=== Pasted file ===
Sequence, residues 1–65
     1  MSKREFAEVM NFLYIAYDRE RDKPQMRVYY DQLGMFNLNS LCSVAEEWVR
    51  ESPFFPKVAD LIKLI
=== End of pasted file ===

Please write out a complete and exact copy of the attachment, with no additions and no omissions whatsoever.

Sequence, residues 1–65
     1  MSKREFAEVM NFLYIAYDRE RDKPQMRVYY DQLGMFNLNS LCSVAEEWVR
    51  ESPFFPKVAD LIKLI